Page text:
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We keep having the idea of logging user actions at a detailed enough level to do things like track feature usage, identify common workflow errors, etc.

If we had such detailed logging, it seems like it would be trivial to write something to convert those logs into automated tests.

Does anyone here have experience with trying this sort of thing, and if so, what were the challenges?

Assume using web technology and that the html itself is well-written for testing (well-defined locators, etc., but feel free to enumerate these better than I can--it's likely at least half the battle!). Obviously there's the risk of the generated scripts breaking if the UI is updated in a way that would break the locators. But they might provide a good starting place for editing to make the test more flexible.

This would also be extremely useful for reproducing reported bugs, in which case you could run the log-generated "test" on the exact version it was logged from, so UI changes wouldn't be an issue in that use case.

4

Record/replay might be valuable to record all steps necessary to make a bug reproducible. But what if running recorded sequence the next day you need to enter next day's date, and your page has no "today", but concrete date was entered? All your pre-recorded steps are useless now.

And for regression testing, you want to use PageObject design pattern, so business logic, locators and actions are centralized, so if you need to change them later, you don't have to change all instances of record/replay which use them.

I can see use-case for record/replay, when manual tester records performing the operations and later can review if interacted elements have good locators (easier that inspecting locator for every element being interacted with).

Other than that, record/replay is IMHO of limited use, and only for pages which are designed with testing using record/replay in mind ("click here to insert current date", etc).


Bit more about our experience.

We have a (huge) suite of tests similar to record/replay (FitNesse) and (slowly growing) suite of new test which use PageObject patern. FitNesse are fragile, and if GUI/business logic change is made, many test break and needs fixing in many places. As a result of this fragility, test developers are reluctant to stray away from "happy path", and most tests are repetitive. We are working on retiring the whole suite (and replacing them with PageObject tests).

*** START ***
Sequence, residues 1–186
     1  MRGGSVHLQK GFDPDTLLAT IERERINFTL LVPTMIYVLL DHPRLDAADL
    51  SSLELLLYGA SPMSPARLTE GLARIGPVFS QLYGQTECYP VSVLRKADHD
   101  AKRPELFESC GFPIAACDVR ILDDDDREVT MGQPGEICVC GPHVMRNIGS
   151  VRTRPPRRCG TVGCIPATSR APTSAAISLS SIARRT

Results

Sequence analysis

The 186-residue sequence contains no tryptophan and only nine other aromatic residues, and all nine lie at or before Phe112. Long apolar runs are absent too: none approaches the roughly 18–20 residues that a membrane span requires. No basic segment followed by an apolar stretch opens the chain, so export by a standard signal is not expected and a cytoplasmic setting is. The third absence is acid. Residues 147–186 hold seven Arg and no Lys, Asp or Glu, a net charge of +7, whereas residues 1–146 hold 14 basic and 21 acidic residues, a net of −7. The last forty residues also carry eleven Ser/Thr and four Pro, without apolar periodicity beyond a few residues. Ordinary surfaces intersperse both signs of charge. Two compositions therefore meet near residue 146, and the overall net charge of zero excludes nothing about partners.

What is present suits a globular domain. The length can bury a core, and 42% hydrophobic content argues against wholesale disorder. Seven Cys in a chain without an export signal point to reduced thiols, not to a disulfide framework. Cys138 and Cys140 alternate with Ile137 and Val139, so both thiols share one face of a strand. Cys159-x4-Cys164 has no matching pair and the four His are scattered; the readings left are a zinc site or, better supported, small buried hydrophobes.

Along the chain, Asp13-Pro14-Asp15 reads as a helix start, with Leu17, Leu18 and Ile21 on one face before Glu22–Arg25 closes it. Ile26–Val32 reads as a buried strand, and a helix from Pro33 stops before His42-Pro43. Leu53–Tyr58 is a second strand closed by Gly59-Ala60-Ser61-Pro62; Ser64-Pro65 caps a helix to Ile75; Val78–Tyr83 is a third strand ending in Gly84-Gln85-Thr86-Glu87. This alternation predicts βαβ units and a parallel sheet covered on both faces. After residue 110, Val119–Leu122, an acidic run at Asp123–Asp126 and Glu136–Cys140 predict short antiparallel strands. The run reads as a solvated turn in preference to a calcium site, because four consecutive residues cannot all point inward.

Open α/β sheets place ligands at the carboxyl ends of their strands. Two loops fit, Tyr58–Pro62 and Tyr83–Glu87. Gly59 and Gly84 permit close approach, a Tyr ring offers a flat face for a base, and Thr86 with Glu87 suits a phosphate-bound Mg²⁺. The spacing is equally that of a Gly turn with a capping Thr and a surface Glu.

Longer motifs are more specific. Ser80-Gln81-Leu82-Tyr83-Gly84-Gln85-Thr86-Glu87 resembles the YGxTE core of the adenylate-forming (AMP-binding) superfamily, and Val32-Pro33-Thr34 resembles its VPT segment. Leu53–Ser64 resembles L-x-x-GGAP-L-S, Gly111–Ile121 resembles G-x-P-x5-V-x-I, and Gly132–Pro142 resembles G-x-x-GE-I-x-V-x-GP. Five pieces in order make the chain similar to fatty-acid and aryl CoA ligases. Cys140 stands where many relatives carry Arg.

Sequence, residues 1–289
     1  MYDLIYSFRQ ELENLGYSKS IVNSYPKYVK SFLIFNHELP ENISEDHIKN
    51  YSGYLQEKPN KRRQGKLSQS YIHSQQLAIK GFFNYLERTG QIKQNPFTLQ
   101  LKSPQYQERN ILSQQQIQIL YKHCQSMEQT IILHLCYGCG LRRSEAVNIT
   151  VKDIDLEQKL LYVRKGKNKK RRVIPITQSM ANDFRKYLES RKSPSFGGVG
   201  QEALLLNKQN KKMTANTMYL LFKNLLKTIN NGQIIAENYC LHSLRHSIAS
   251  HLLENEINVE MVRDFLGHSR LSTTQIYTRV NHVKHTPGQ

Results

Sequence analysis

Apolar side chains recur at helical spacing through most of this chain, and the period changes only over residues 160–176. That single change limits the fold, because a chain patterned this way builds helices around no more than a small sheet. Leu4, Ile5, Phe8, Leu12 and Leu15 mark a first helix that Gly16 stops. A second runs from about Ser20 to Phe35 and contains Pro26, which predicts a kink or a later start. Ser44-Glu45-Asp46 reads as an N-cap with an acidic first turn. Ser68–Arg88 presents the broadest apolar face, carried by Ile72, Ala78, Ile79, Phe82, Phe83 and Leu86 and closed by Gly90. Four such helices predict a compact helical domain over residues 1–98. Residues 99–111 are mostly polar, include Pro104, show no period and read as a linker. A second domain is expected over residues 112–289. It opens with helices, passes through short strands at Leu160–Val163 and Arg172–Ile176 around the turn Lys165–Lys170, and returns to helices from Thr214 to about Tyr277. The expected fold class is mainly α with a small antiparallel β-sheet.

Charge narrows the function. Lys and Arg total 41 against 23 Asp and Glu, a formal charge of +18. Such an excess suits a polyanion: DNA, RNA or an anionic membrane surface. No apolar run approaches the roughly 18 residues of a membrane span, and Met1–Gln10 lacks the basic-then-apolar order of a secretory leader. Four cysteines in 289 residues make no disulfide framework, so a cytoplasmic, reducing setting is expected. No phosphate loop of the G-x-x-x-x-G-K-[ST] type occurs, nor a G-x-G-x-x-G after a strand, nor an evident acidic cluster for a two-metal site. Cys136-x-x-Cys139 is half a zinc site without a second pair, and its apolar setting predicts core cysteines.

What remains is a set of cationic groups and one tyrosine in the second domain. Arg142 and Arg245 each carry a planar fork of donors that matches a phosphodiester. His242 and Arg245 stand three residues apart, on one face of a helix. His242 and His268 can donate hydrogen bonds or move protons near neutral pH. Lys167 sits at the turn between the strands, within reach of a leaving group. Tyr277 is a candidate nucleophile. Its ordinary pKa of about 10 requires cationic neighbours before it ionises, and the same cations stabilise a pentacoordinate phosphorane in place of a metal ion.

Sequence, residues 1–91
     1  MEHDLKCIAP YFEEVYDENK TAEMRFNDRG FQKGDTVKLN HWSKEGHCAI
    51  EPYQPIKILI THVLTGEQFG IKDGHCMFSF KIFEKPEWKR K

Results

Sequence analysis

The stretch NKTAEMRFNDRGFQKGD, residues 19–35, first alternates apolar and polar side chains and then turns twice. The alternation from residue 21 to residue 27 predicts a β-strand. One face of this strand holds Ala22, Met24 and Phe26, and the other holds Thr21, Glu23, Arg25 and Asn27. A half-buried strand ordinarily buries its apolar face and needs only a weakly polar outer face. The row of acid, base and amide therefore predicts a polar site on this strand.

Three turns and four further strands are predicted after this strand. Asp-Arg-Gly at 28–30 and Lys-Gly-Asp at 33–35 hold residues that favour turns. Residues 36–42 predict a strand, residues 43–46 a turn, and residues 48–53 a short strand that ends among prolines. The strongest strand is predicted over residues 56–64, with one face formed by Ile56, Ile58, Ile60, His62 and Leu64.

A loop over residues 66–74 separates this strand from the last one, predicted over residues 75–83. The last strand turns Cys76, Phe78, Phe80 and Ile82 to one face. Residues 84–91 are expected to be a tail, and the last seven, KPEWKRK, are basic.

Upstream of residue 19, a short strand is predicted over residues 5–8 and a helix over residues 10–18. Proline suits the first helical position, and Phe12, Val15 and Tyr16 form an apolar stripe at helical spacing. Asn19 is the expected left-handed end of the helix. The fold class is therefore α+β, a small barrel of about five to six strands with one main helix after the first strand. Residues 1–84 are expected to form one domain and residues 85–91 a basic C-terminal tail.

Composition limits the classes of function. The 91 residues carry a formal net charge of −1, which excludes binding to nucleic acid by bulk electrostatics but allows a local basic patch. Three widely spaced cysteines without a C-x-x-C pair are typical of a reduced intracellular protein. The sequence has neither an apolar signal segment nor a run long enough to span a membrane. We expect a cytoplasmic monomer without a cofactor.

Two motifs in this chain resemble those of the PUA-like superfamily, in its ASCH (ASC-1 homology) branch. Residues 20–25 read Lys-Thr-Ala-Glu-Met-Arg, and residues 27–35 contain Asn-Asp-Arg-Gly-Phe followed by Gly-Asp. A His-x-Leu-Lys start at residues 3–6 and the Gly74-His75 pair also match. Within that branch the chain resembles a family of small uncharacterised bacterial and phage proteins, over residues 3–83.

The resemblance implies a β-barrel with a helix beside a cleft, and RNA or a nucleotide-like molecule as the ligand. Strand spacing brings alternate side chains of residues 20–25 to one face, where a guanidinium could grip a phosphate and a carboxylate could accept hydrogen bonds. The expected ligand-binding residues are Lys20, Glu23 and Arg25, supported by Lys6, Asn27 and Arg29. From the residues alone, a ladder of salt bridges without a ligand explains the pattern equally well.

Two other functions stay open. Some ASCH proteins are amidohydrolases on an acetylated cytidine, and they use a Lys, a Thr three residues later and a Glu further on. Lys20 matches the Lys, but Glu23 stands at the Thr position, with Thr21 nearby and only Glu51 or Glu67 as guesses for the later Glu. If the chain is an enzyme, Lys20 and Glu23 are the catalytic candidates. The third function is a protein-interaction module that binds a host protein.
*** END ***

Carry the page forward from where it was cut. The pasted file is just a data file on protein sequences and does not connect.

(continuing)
If PagoObject tests break, they likely need fixing in a single place, so as a result we are more adventurous and more willing to implement functionality straying away from "happy path", inspecting data and selecting some data in random, creating more "fuzzy" tests - and it is also much more fun for test developers to develop these tests (because developer can use Python debugger to inspect located elements), and such tests are much easier to debug - especially later, in maintenance phase when something changed and test feailed.

So (in my experience), record/replay tests are of a limited use as a starting point for good PageObject-related tests. Hard part is to design good page methods for each page (useful for tests), separating the interaction in proper size "chunks" where group of widgets are acted upon in a single action which makes sense for a user/test. Getting locators and order of interaction (which is generated by record/replay) is the trivial part.

  • In your particular example, you could easily edit the generated script to replace the hardcoded date with your language-of-choice's function for getting today's date. But yes, there's still extra work involved to do that. – c32hedge Nov 2 '17 at 18:57
  • @c32hedge - define "easily". Whole point was not editing/maintaining the recorded script, IIUC? Also, date was the trivial example. I have scripts which select one of the random objects of different types for different users. – Peter M. Nov 2 '17 at 19:32
  • "But they might provide a good starting place for editing to make the test more flexible." I'm well aware of the limitations of record/playback but this was more of a thought experiment of what else we could do if we were already implementing something (the detailed logging) that gave us most of the data we needed for a record/playback system. – c32hedge Nov 2 '17 at 19:43
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    I added a blurb about our experience with using record/replay vs PageObject tests. – Peter M. Nov 2 '17 at 20:23
  • Thanks! The last paragraph in the update is particularly helpful. – c32hedge Nov 2 '17 at 20:35

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